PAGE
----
Splitting a universal tragedy into its components comes with the danger of the parts being consumed by the vastness of the collective predicament. It is to director Naseeruddin Shah’s credit that YHTKH as a whole is greater than the sum of its parts. But the parts do their bit - they engrave the grimness of the catastrophe indelibly in the mind.
The four strands of the plot are kept unconnected in the first half of the film. Everybody seems to be going about their lives so comfortably that you begin to wonder why a film had to be made about them at all. But when the tracks begin to come together, Shah masterfully builds up a sense of foreboding. And suddenly you are too horrified to react….
We shall leave the plot at that. But we shall speak about some good performances instead. Paresh Rawal as Rajubhai Patel, Irrfan as a drug-snorting stockbroker and Ratna Pathak as the beleaguered Marathi film extra, Tara, are memorable.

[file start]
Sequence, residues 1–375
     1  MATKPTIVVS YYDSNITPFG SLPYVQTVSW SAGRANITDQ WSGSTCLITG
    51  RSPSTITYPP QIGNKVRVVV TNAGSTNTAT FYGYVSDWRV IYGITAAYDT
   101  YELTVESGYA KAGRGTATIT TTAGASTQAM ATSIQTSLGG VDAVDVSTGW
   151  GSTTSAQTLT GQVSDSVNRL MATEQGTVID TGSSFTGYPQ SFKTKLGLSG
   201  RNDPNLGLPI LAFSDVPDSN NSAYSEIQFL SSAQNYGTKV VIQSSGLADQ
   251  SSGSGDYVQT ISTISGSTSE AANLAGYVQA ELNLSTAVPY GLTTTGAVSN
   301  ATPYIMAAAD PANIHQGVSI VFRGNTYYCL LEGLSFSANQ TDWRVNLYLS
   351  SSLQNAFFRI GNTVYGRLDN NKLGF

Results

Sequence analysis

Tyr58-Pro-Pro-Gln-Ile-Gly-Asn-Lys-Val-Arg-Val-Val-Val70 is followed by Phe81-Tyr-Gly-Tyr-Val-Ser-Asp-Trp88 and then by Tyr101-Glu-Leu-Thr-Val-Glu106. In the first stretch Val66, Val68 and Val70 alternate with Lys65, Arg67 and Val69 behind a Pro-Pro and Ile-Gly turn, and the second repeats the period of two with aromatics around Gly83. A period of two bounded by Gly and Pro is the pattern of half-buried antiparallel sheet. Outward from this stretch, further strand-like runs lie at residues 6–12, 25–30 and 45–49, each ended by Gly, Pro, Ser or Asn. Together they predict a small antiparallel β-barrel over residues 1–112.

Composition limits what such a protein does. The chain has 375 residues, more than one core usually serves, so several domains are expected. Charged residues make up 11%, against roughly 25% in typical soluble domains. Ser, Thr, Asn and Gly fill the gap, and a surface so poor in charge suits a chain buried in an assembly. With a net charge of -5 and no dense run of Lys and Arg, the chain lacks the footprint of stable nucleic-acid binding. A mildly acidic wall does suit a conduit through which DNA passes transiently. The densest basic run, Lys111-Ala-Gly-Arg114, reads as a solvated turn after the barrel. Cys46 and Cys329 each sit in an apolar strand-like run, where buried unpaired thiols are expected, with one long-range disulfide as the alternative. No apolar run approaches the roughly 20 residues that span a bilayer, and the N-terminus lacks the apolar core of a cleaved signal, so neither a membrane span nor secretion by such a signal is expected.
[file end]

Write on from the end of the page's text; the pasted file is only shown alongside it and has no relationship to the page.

Konkona Sen Sharma makes this film with multiple characters appear her own. She puts in another superlative portrayal as the newly-married-through-the-Net wife of a Non-Resident Indian, Tilottama Punj.
We had minor problems with the characterisation. It was difficult to understand why Tilottama’s mother-in-law had to be an American woman with an Indian passport. Or why Khushboo (played by Ayesha Takia) should be in the care of an intimidating butler.
But the film works. To the extent these remain minor lapses in what is essentially an unsentimental handling of one of the greatest horrors of our times - from an Indian standpoint. Hemant Chaturvedi’s camera helps us discover once more what newspapers and television channels couldn’t have.